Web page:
Partners' mEHR app improves workflow, communication with patients

Boston-based Partners HealthCare kicked its mobile strategy into high gear this week, launching an app for its electronic health record, and setting its sights on mobile radiology next.

The healthcare system announced Tuesday that it had completed a light-speed pilot/rollout of only 90 days. Already more than 2,000 clinicians are using the new app, and it's having a "positive impact on workflow" for most, John Pappas, Partners' associate director of clinical systems integration, said in an announcement.

"Instead of finding a workstation, logging in, accessing the patient record and then going to see a patient, they can just pull the iPhone from a pocket and review results at the bedside while they're talking to the patient," he said. "And, they can check on the latest information-test results, for example-at any time from any location."

But it's not just physicians who want that bedside review, Robert Havasy, project specialist for Partners' Center for Connected Health told FierceMobileHealthcare. Patients, too, are eager for hospitals to get their mobile initiatives underway.

"Focus group after focus group of patients tell us that this is the way they expect to interact with their physicians," Havasy said. "They bank online, they text their family and friends, and they expect the same systems to work in medicine. It's the way everything is moving."

On the back-end of the project, it was a "presentation layer" that helped get the EHR onto mobile devices, Pappas said. It solved the biggest difficulty with mobile-enabling the EHR, putting a PC's worth of patient data onto the far smaller smartphone or tablet screen.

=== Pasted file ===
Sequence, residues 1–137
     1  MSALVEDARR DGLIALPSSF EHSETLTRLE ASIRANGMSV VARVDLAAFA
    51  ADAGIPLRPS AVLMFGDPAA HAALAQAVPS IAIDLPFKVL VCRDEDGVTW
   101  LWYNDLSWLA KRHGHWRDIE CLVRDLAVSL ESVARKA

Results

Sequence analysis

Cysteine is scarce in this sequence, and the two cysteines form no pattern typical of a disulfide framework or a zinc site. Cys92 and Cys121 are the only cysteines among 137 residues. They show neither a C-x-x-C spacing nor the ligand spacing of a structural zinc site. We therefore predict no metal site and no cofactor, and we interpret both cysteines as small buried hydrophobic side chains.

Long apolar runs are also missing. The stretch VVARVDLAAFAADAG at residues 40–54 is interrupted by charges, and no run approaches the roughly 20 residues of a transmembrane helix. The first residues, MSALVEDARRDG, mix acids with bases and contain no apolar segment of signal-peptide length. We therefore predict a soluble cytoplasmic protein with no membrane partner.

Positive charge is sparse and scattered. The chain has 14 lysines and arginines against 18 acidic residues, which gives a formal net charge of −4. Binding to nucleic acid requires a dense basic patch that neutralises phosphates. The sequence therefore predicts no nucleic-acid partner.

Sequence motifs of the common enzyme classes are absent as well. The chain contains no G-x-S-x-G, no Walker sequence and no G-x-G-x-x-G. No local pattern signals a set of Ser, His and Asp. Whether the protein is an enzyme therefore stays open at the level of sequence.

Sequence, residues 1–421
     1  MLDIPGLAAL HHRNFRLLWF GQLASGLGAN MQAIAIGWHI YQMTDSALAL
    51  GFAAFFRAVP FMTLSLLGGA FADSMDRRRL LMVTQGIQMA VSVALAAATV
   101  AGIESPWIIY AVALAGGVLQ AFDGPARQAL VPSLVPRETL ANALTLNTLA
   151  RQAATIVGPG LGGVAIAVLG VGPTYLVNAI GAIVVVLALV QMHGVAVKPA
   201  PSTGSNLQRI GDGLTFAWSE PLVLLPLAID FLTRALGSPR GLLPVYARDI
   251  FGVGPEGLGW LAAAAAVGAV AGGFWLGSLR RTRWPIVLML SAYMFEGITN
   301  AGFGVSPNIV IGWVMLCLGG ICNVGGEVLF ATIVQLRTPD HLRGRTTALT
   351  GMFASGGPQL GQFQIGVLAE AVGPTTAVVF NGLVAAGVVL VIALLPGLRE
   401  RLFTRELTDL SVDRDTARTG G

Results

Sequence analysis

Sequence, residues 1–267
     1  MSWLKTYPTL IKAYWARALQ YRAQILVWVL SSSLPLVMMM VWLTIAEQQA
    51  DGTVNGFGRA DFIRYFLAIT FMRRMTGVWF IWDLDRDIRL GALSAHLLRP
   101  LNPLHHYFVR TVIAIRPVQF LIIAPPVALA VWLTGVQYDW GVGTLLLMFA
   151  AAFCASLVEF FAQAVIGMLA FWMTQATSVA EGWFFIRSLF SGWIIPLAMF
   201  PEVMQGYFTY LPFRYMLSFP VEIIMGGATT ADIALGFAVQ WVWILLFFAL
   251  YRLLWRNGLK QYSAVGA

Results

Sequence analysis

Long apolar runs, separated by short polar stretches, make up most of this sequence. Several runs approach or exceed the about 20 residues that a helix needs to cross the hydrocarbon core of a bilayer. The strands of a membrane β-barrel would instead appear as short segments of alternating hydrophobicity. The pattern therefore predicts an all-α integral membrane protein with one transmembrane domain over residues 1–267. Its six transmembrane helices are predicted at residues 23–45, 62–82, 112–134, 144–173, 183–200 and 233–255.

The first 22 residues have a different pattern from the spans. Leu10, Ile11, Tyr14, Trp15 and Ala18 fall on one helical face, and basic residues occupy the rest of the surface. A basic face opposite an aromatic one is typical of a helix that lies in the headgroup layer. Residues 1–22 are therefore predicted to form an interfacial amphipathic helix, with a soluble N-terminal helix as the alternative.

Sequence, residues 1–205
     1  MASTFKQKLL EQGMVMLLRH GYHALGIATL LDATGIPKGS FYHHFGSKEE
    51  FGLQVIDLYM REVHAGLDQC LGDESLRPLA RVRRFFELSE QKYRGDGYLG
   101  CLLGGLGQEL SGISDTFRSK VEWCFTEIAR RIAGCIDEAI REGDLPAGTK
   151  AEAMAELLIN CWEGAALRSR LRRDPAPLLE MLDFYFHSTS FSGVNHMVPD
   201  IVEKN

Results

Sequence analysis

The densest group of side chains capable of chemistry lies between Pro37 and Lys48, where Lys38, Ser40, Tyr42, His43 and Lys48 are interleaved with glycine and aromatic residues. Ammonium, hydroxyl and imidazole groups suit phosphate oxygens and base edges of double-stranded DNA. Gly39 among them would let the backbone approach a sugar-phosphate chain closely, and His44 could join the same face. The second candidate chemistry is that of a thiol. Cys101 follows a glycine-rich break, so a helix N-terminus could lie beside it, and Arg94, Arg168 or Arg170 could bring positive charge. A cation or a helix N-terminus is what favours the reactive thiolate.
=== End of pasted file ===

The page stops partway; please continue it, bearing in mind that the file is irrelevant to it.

"We initially developed the presentation layer for the iPhone. The fact that they're encrypted devices and were being used by many physicians made them a logical choice for the initial rollout," Pappas said. They've since extended the app to Blackberry and iPad platforms.

One interesting note: Partners chose not to provide mobile devices to its staff, instead allowing them to use their personal devices to access the EHR. It means the IT department has less control, but it seems the project's speed simply didn't allow time for researching, vetting, buying and enabling a host of company-owned devices.

"There is definitely a growing demand for new mobile apps, as well as additions to the mEHR," Pappas said. "We're getting requests from business units and clinical groups throughout the organization."

One of the squeaky-wheel business units must be radiology because that's next on Partners' mobile priority list, hospital officials note. The radiology imaging initially will be available only on the iPad, but eventually will be enabled for Android devices, as well. 

To learn more:
- check out the Partners' press release
- read more at HealthcareIT News

Suggested Articles

The newly launched Center for Connected Health will be largest telehealth hub in the Philadelphia region, according to Penn Medicine.

The FDA commissioner wants to use additional funding under Trump's budget to advance digital health initiatives and integrate real-world data.

The FDA's approval of an app that uses AI to notify specialists of a potential stroke offers new possibilities for triage software that uses CDS.